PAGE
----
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 French Narrative


The MFL curriculum has been intentionally designed to ensure children develop a substantive knowledge (factual content) alongside the development of disciplinary knowledge (the action taken within a specific subject to gain knowledge) as they learn the fundamental elements of what it is to be a linguist. Our MFL curriculum enables our children to develop their unique potential within a secure and caring environment. Our children are given every opportunity to build their cultural capital and threshold concepts in French to enable them to be successful citizens in our ever-changing world and in their future lives. Our approach to French aims to develop children’s confidence in their own abilities and independence helping them become successful linguists, eager to learn more and build a love for the subject.


Learning a foreign language is a liberation from insularity and provides an opening to other cultures. A high-quality languages education should foster pupils’ curiosity and deepen their understanding of the world. The teaching should enable pupils to express their ideas and thoughts in another language and to understand and respond to its speakers, both in speech and in writing. It should also provide opportunities for them to communicate for practical purposes, learn new ways of thinking and read great literature in the original language. Language teaching should provide the foundation for learning further languages, equipping pupils to study and work in other countries. (National Curriculum 2014)


The curriculum has been intentionally designed to ensure children develop a substantive knowledge (factual content) of vocabulary, grammatical structures and cultural differences.

The following disciplinary knowledge is covered as part of the NPAT MFL curriculum: reading, writing, speaking, listening and culture. By studying these concepts, children will be able to understand main points and some detail in familiar audio and text, listen at near normal speed and start to decipher meaning and work out new words, create short texts and have short conversations about familiar topics, adapt language they have learnt to express themselves with increasing independence and accurate pronunciation and to converse and write with grammatical accuracy.


The teaching of French gives all classes access to a very high-quality foreign languages curriculum using the Language Angels scheme of work and resources. This will progressively develop pupil skills in foreign languages through regularly taught and well-planned weekly French lessons which will be taught by class teachers. Children will progressively acquire, use and apply a growing bank of vocabulary, language skills and grammatical knowledge organised around age-appropriate topics and themes - building blocks of language into more complex, fluent and authentic language.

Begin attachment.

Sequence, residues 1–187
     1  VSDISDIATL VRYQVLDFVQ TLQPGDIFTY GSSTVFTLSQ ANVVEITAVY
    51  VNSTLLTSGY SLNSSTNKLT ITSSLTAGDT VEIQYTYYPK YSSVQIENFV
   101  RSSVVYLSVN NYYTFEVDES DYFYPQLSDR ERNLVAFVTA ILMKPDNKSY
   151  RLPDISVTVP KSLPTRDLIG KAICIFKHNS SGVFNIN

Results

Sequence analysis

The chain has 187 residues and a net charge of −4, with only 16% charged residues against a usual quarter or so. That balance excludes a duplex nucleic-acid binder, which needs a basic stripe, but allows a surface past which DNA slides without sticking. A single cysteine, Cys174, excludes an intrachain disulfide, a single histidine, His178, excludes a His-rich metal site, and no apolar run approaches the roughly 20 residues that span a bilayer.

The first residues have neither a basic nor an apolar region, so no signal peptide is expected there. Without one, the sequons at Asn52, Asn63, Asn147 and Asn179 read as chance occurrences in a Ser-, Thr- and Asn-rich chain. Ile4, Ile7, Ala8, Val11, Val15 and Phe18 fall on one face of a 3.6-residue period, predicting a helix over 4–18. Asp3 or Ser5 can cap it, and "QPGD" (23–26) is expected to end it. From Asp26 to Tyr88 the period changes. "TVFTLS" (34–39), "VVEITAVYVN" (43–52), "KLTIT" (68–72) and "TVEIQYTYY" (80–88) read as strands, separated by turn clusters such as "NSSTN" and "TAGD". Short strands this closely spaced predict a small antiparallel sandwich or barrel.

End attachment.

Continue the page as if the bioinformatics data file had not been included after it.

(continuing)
The planning of different levels of challenge (as demonstrated in the various Language Angels Teaching Type categories) and which units to teach at each stage of the academic year will be addressed dynamically and will be reviewed in detail annually as units are updated and added to the scheme. Lessons offering appropriate levels of challenge and stretch will be taught at all times to ensure pupils learn effectively, continuously building their knowledge of and enthusiasm for the language they are learning. At the heart of our approach is retrieval practice and revisiting knowledge. Retrieval practice involves deliberately recalling knowledge from memory to make learning more robust and connected.  Units of work often refer to and build upon learning from previous units to enable children to grapple with grammatical concepts.


Horizontal links are explicitly made e.g., In Year Three children learn about the names of fruits and the use of the ‘le’, ‘la’ and les’ for the determiner the and the concept of masculine and feminine nouns which is built up on in other units within the year group and across the key stage.

Vertical links will be made where knowledge and understanding are built upon from previous MFL units covered during the school year but also across the key stage.

Diagonal links will be made, particularly where this is cross-curricular. e.g., links between MFL and History: such as the topic on The Romans (History) and also Ancient Britain. Links between MFL and PSHCE with food, healthy eating, family and presenting myself.


Children begin learning French in year 3.


By the end of KS2, with reference to the National Curriculum, children will gain coherent knowledge and understanding of a modern foreign language (French) and of some of the different cultural aspects to different francophones.


During Lower Key Stage 2 the following units of work have been selected: phonetics, animals, musical instruments, fruits, ancient Britain, vegetables, presenting myself, classroom and house.


During Upper Key Stage 2, the following units of work have been selected: phonetics, vegetables, presenting myself, family, Romans, clothes, pets, dates and weather, my house and school.


The NPAT curriculum and pedagogy will therefore enable children to begin secondary school being able to hold a conversation by speaking and listening, read key words and phrases and to write sentences with grammatical accuracy.

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